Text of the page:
We're going to begin today with a rather loaded question: How much attention do you think the media should be paying towards a presidential nominee who is right now getting 13 to 15 percent support in public opinion polls of their party's voters?
The GOP isn't banking solely on shoveling out dirt on Hillary to render her candidacy stillborn. They also bank that the supposed baggage that Hillary carries renders her an astonishingly divisive candidate.
On Wednesday, Hillary Clinton visited South Carolina for the first time since her defeat in the 2008 election primaries. This time around, she didn't waste any time getting to the issues while addressing the South Carolina Democratic Women's Council at their third annual Day in Blue event.
In the month since he announced his bid, Sanders' coverage seems to pale in comparison to comparable Republican candidates who face an arduous task of obtaining their party's nomination. The reluctance is ironic, since the D.C. press corps for months brayed loudly about how Hillary Clinton must face a primary challenger. Now she has one, and the press can barely feign interest?
People are impatient for a real champion. This is not a time to be safe, sit back, read polls, and wait out controversy. The economy simply is not working for most of us, and people know it. People see that the game is rigged and want proposals for transformative change.
It was more than 20 years ago, but I still remember the eloquent words spoken by Hillary Clinton at the United Nations World Conference on Women in Be...
Last week, Hillary Clinton made news saying she wanted to be the "small business president." Politics aside, what exactly does it mean for someone to be a "small business president?"
Clinton will probably have an easy time getting endorsements from beltway green groups hoping to gain influence. But as Pat Quinn learned in Illinois, and Mark Udall learned in Colorado, promoting regulated fracking is a tough sell to environmental voters no matter what endorsements a candidate can brag about.
As with all the other candidates who have officially thrown their hats in the ring, today we will take a serious look at Santorum and Pataki, and attempt to predict what their chances for victory could be.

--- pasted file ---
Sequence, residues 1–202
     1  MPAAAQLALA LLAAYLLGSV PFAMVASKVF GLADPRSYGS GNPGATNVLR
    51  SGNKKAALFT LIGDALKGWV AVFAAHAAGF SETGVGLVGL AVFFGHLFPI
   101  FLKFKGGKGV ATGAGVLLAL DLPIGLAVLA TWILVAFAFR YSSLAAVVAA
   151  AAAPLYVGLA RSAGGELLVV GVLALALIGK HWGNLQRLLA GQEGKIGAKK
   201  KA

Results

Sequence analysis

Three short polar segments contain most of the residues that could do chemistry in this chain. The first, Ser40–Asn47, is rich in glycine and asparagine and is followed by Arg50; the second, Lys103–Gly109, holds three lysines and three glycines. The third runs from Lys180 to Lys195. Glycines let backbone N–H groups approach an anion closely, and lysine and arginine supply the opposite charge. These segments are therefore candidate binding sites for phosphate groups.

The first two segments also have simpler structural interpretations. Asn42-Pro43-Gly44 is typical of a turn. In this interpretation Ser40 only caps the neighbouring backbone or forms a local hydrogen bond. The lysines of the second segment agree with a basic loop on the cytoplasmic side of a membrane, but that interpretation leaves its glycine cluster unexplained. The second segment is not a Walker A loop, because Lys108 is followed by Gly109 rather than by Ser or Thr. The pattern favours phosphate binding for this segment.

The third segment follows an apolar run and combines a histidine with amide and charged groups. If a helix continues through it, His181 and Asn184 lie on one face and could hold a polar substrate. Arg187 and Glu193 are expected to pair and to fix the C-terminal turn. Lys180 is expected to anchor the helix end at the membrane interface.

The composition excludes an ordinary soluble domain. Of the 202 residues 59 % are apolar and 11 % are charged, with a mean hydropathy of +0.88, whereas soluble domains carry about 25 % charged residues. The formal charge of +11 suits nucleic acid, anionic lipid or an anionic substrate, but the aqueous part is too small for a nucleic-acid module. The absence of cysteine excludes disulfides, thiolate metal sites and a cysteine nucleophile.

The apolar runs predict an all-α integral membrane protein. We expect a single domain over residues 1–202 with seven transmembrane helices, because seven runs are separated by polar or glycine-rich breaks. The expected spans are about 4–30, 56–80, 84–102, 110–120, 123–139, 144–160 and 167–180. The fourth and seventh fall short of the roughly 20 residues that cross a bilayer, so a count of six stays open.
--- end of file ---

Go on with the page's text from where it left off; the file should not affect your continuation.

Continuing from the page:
If the rest of organized labor just plays it cautious and safe, jumping on the Clinton bandwagon instead of rallying around Bernie, it will be one more sign of diminished union capacity for mounting any kind of worker self-defense, on the job or in politics.
In the month and half since Hillary Clinton announced her candidacy for President, it has become evident that she will not make the same mistakes as she did in 2008.
Republicans risk being caught in a trap of their own devising. The master narrative they're going with -- dishonesty -- is as dangerous for them as they want it to be for Hillary Clinton. They want the 2016 election to turn on the question "Can you trust her?" But Democrats can use jiu-jitsu and make the election turn on the question "Can you trust the people who duped you into Iraq?"
The field of Republicans contending for their presidential nomination does not present grandeur.; in truth, it's a pretty weak roster. Take a look at the top names:
The media has a responsibility to inform. That includes writing and reporting on the issues surrounding each candidate and the policies and platforms proposed by them. They will and should write and talk about both the good and the bad. But they have an overriding responsibility to the public to get it right.
There may be some differences in style and emphasis, but it's hard to tell the difference between a Clinton speech and a Warren speech when it comes to most economic questions -- and particularly when it comes to the overarching narrative.